No major changes have materialised in the gender structure of the gig workforce. As in the previous assessment, the findings reveal that two out of every three Serbian gig workers are male, indicating that online work remains a predominantly male pursuit. In May, the proportion of women gig workers stood at 31.4 percent, which was slightly lower than in either February 2020 (31.8 percent) or December 2019 (32.4 percent). In spite of this modest, but continuous decline, the share of women in Serbia’s freelance workforce has remained greater than the global average (of 24 percent).


The overall gender gap remains pronounced and has even widened substantially in some occupations. This trend is best seen in software dev and tech, where the Covid-19 pandemic has seen a decline in the share of women gig workers to 10:1, as opposed to the pre-pandemic 10:1.18 (meaning that men outnumbered women by a factor of 8.5). By contrast, during the Covid-19 outbreak, women cemented their dominance in writing and translation and became the tiny majority in professional services.


The income gender gap in Serbia also widened during the reporting period. More than 75% of the revenue earned belongs to male gig workers active on Upwork, while female gig workers take home the rest. This outcome is due to the operation of long-term factors, primarily the fact that men dominate occupations that the assessment has revealed to be better-paid.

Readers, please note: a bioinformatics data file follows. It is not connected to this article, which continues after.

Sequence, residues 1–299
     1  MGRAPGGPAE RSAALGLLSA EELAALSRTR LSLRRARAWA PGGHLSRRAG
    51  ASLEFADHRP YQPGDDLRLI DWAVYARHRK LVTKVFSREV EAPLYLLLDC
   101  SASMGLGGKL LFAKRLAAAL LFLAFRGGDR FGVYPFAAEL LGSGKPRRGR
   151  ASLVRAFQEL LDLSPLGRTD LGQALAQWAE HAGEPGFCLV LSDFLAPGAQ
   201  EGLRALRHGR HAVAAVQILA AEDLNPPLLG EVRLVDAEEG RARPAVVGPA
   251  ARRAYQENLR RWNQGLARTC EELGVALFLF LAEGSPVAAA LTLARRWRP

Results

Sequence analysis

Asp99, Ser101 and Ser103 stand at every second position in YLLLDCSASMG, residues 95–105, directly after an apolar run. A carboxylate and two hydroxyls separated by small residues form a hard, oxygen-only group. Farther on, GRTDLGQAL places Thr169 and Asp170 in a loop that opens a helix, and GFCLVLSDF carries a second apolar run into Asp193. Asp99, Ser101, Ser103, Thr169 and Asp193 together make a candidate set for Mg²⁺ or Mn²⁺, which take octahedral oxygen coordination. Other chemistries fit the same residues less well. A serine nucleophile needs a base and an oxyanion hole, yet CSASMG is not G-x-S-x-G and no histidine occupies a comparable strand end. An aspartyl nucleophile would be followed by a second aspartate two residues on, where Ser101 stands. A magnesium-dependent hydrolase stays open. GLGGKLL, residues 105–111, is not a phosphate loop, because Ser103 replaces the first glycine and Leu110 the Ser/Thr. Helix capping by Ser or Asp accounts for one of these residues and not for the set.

The average hourly rate earned by Serbian gig workers has increased slightly during the pandemic, from US$ 19.3 to US$ 19.6, a finding that matches global trends. This has narrowed the gap between the average Serbian hourly rate and the global average of US$ 21. Even though a gender-based difference in earnings is still pronounced, it diminished significantly in March and April, with the latest finding revealing women are able to command 83 percent of men’s average hourly rates (as opposed to the 79.1 percent seen in January-February). This means that earnings of Serbian women freelancers have almost completely caught up with the global average of 84 percent of the rates commanded by their male peers.

The gender gap in hourly rates has shrunk across all occupations except clerical and data entry, where it has remained nearly the same.


Recommended citation: Anđelković, B., Jakobi, T., Ivanović, V., Kalinić, Z. & Radonjić, Lj. (2020). Gigmetar Serbia, May 2020, Public Policy Research Center,



GigmetarTM is the first instrument that describes the geography of digital work in Serbia and the region in terms of gender, income, and most common occupations. It is a result of the efforts made by the Public Policy Research Centre (CENTAR) to shed more light on the work on online platforms.


The Public Policy Research Centre (CENTAR) is a team of innovative researchers and digital enthusiasts investigating the future of work and development of the digital economy in Serbia and South-East Europe.